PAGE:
once again to PCGamesN’s Spotlight on Greenlight, our regular Saturday
feature where we look at the best and the most interesting Greenlight
at dozens of other titles, so why not check out our back catalogue?
is a game of hexes. It’s a strategy game, a game of turns, of nudging
units, of stroking chins and/or beards, but you know what? It certainly
isn’t slow and it’s also pretty damn cool. It hits that sweet spot of
being easy to pick up, but difficult to master, and that’s why I’m
shining this week’s Spotlight on Greenlight upon it.
premise of Conquest is very simple. You begin with a randomly-generated
map that’s divided into those hexes and made of up of cities, mountains
lakes and plains. You’ll want to grab those cities, not only because
they’re a source of production, but also because the winner is the
player who either controls 75% of the map’s production or who has the
most total control at the end of the game.
end isn’t so far off, either. Conquest isn’t an experience that drags,
but instead gives you bite-sized games of just twenty turns. If that
doesn’t sound like long then, well, it isn’t,
and several times now I’ve found myself so lost in the demo that I’ve
not noticed the passage of time, only to suddenly realise that I have
just one turn left to make a final grab for all the territory that I
can. What’s more, you’re playing to a strict time limit and you only
have a few minutes to play out each turn before the game moves on.
There’s no sitting around.
starts like this: you’ll air-drop a small force onto the map somewhere
and find they’ve deployed themselves as tight teams of tanks and
soldiers. You’ll want to spread out and start capturing and holding
cities, which will gradually produce more units, but it won’t be long
until you spot an enemy force trying to do the same. When fights start,
they’re quick, dirty and deadly affairs with no ambiguity.
unit has a fixed combat value, meaning that when they meet on the field
of battle you’ll always know which force will win. Tanks will always
beat soldiers, for example, while bombers are great at destroying tanks.
You also get combat bonuses for performing pincer movements and, should
two of the same unit meet in an even scrap, they’ll simply annihilate
makes combat much more about maneuvering than battles of attrition or
complex maths calculations. If you’re outnumbered, you’re probably going
to lose, but if you can assemble a powerful force in the right place at
the right time, then bam, props to you, general.
here’s the real kicker: Conquest features simultaneous turns. After you
issue your orders, all the units on the map move at the same time and
only fight if they end up in the same hex as one another. This means
it’s entirely possible (and not uncommon) for two armies to criss-cross
one another, swapping places on the map without actually exchanging any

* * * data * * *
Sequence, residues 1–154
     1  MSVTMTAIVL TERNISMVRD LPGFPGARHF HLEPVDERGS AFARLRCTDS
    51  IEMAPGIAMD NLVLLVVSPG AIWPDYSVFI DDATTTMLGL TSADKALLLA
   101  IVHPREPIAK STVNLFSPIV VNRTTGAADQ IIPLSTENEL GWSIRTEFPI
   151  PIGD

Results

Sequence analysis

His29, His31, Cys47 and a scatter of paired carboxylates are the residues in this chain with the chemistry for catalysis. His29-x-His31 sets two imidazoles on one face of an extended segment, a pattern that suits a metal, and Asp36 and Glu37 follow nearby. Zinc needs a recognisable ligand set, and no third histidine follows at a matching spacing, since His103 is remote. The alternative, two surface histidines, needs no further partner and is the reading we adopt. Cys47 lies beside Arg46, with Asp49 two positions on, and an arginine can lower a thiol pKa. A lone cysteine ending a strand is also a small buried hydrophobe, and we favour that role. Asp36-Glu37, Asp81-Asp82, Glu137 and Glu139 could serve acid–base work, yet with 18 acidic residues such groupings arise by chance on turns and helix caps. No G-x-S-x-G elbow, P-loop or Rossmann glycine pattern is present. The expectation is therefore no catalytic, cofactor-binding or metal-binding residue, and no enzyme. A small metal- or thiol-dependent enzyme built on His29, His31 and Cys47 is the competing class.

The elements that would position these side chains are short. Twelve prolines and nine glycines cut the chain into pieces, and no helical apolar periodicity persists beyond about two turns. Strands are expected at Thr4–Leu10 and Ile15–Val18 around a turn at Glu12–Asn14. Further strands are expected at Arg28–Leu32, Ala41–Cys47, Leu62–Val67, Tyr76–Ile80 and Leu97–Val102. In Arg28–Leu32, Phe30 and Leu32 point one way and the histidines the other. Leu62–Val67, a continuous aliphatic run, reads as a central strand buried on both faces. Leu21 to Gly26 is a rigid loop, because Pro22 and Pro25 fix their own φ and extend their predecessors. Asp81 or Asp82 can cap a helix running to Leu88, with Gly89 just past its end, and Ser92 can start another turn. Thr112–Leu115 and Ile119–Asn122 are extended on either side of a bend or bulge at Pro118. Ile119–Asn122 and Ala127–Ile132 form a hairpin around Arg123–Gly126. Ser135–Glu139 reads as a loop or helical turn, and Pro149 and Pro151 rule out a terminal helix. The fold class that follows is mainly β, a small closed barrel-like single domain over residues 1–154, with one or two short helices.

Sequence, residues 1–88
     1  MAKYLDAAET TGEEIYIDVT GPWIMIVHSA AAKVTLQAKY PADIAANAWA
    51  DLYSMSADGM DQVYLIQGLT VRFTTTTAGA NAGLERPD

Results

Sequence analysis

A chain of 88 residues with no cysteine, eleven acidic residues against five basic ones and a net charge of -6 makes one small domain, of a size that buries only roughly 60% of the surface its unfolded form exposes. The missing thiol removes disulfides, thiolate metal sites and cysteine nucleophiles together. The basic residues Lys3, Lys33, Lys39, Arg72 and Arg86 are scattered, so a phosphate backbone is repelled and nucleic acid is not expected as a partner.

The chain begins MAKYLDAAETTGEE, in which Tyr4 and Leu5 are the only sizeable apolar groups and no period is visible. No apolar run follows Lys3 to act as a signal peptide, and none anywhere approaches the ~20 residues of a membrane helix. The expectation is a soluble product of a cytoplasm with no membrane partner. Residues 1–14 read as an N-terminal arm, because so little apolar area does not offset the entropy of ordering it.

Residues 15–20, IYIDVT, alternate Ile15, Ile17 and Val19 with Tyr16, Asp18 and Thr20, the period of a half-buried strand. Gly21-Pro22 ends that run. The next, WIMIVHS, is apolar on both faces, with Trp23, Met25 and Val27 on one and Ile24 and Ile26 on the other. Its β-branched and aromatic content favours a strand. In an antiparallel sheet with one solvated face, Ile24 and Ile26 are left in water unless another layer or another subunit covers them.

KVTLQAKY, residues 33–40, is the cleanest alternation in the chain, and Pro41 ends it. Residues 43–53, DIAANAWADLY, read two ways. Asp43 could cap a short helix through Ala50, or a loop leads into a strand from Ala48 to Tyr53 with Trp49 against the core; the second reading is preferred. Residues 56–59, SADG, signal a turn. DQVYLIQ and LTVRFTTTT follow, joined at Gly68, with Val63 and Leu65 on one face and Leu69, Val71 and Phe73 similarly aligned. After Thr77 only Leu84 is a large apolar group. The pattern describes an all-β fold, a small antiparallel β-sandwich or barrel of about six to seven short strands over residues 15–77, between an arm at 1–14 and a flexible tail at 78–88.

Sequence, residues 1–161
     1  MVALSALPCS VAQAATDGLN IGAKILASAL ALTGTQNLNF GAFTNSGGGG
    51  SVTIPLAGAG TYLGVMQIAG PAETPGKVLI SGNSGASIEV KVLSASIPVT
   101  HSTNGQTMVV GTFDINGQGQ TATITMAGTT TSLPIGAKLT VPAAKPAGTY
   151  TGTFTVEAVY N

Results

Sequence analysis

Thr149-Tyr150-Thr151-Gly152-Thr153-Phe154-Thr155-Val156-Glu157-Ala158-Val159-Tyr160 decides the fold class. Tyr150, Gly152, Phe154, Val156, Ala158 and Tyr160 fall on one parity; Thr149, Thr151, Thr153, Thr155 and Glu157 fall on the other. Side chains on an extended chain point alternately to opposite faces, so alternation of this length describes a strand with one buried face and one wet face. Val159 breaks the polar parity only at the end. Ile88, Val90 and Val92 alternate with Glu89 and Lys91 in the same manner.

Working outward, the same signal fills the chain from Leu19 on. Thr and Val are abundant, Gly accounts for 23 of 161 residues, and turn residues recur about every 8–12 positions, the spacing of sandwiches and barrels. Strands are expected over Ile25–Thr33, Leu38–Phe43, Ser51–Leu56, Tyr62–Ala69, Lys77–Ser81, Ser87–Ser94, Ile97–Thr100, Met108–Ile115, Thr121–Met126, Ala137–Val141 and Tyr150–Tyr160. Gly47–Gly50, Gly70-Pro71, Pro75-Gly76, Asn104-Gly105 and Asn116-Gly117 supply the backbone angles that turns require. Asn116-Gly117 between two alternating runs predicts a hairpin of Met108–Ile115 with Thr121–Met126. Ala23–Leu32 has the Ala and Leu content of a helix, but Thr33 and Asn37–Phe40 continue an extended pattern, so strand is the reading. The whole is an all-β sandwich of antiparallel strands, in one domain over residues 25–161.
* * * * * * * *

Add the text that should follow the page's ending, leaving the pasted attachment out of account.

fire. This very quickly has you second-guessing your opponent’s tactics.
Are they likely to sit and wait, reinforcing a hex with troops and
expecting you to stumble in with a weaker force? Or are they going to
push forward into a hex you currently hold, assuming that you’ll order
your forces to take a nearby city or climb into the mountains.
the mountains. Not only do these make foot soldiers tougher, they also
act as hiding spots for units. You can’t see units that are sat in a
mountain hex, meaning they’re an ideal place from which an ambush can
spring forth, or a great way to mask the movement of your forces. The
fog of war sits heavy over Conquest’s map and you’re rarely aware of the
enemy’s movements until they’re very close or, in the case of those
mountains, charging down a slope straight towards you.
few turns, the game will offer you a few of what it calls Operations,
special commands you can issue to support your efforts. These include
nuclear weapons, which wipe out a hex entirely, new units that can be
dropped in and, perhaps most importantly, satellites which can be
deployed to reveal enemy units in what would otherwise be obscured
hexes. You don’t get many of these Operations and they don’t arrive
frequently, but they can tip the battle in your favour.
suddenly it’s all over. You’ve spent twenty turns trying to choreograph
your battle ballet, trying to sneak around the back of enemy armies,
peering behind mountains with satellites or surprising your opponents by
choosing to step aside rather than face a fight. You’re a quick learner
and you’ve realised that Conquest is all about where you step and when.
Then it’s time to randomly generate another map, give your chin another rub and start all over again.
Conquest has a demo which you can download from the official site.
It’s a limited version of the full game, restricting you on the
terrains you can take to and the options you can play with but, should
you like it, you can easily unlock the full version. Of course, being
that this is our weekend Spotlight, that’s not strictly my objective. My
objective is to get you to vote for Conquest on it’s Greenlight page and help bring it to Steam, because it’s a fine strategy game that deserves to reach the wider world.